The man who energetically led Peru back from the brink of economic collapse and crushed a fanatical Maoist insurgency during his 1990s presidency is now a much diminished figure. The once-leonine Alberto Fujimori shuffles wearily in and out of a courtroom, awaiting what most Peruvians believe will be his conviction on murder and kidnapping charges.
After hearing from 80 witnesses and 20 outside experts in his 15-month trial, a three-judge panel is nearing a verdict in the case, an example of strengthening judicial authority in a region where democratic rule has a precarious tradition.
The 70-year-old former strongman remains remarkably popular, but Fujimori is also ailing, visibly downtrodden and discredited. Two-thirds of Peruvians polled recently approve of his rule, but 71 percent also think he'll be found guilty.
Fujimori is believed to be the world's first democratically elected former president to be tried for human rights violations in his own country, something Chile never managed to do with dictator Augusto Pinochet, who avoided trial for health reasons until his death at 91. Other countries — Serbia and Liberia among them — turned over former leaders to international war crimes tribunals.
Fujimori gets a final chance this week to explain why he shouldn't be held responsible for two military death squad killings: A raid on a barbecue party where 15 people mistaken for Shining Path rebel sympathizers were slain, and a midnight roundup at La Cantuta university in which nine students and a professor were "disappeared."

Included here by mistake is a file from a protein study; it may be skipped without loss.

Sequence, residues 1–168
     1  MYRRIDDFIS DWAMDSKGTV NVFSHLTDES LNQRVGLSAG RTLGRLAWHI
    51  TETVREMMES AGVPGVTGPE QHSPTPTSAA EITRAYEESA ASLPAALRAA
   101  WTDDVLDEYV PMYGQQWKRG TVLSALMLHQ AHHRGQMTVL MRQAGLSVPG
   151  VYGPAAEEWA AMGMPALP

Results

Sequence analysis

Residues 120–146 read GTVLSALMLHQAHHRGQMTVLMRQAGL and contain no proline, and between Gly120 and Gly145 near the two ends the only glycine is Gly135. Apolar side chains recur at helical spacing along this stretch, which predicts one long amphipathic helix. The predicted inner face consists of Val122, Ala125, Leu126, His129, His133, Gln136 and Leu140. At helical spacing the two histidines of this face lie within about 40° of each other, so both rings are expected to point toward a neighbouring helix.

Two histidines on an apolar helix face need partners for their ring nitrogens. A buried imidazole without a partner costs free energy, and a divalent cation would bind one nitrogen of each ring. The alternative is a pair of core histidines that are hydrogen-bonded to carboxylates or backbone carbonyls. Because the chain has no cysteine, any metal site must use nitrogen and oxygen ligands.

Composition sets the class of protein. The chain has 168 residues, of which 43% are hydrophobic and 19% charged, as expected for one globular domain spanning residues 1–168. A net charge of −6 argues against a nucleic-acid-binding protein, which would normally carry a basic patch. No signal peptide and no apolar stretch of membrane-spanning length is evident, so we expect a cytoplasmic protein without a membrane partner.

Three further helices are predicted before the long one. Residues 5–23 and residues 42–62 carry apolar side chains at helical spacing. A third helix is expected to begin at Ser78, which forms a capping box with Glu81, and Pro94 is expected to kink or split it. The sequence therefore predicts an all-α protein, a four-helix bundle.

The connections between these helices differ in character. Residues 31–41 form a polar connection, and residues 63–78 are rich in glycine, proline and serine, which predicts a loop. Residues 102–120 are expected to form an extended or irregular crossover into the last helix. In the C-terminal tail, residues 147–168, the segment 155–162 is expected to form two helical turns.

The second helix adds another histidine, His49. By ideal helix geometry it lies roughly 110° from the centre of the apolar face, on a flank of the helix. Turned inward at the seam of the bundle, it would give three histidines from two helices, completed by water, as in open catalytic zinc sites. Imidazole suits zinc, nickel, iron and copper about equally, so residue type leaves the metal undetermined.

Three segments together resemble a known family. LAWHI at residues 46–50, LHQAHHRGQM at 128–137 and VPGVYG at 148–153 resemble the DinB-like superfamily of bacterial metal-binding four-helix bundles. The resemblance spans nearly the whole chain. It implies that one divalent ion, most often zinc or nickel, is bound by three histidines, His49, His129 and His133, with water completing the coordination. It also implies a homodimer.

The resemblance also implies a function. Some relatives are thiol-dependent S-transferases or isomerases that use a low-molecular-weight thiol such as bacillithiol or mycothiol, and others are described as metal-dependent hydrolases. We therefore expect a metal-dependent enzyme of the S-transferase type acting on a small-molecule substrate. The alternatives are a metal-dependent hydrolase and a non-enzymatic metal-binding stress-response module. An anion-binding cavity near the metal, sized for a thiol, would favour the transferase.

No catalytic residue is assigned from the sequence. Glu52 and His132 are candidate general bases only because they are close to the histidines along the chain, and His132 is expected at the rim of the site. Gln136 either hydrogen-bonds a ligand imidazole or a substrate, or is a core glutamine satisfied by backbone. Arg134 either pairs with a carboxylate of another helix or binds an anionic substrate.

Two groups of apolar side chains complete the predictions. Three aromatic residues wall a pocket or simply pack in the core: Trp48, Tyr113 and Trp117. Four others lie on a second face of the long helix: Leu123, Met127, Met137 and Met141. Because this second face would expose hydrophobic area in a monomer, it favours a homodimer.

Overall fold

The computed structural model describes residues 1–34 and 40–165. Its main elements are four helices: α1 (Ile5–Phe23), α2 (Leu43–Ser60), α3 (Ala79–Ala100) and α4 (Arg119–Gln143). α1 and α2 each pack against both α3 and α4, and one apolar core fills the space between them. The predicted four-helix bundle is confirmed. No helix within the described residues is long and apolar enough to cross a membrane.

Members of the Colina group, a special military unit prosecutors say committed some 50 killings in all, say they were only following orders as Peru fought a dirty war that claimed nearly 70,000 lives in the 1980s and 90s.
Fujimori also is charged with ordering the brief abductions of businessman Samuel Dyer and journalist Gustavo Gorriti, who was among his fiercest critics when he used troops to shut down Congress and the courts in 1992.
Not a single witness testified that Fujimori directed anyone to kill, torture or kidnap, though several of them had publicly made such accusations before the trial. Instead, the proscution's legal argument — one also used in trials of Argentina's military dictators, Nazi Germany's leaders and the late Serbian President Slobodan Milosevic — is that Fujimori is guilty of failing to prevent heinous crimes committed in his government's name.
Fujimori declared his innocence in a nearly full-throated roar at the trial's outset, waving his fist in the air. But he has kept mostly quiet since then. He suffers from hypertension and chronic gastritis, had a cancerous growth removed from his tongue, and could suffer a deadly blood clot from poor circulation, doctors say. He spends his days confined to a small apartment-like cell, painting landscapes.
A mathematics professor and son of Japanese immigrants whom many Peruvians still affectionately call "El Chino," Fujimori inherited double-digit inflation and car bombings in the capital when he took office in 1990 after the first, disastrous term of Peru's current president, Alan Garcia.
Fujimori parried both threats, revived foreign investment and built schools, roads and aqueducts across Peru.
"Whatever his transgressions, Fujimori is still remembered for his undeniable achievements. He inherited chaos and delivered economic and political order to Peru, which is no mean feat," said Michael Shifter of the Inter-American Dialogue think tank in Washington, D.C.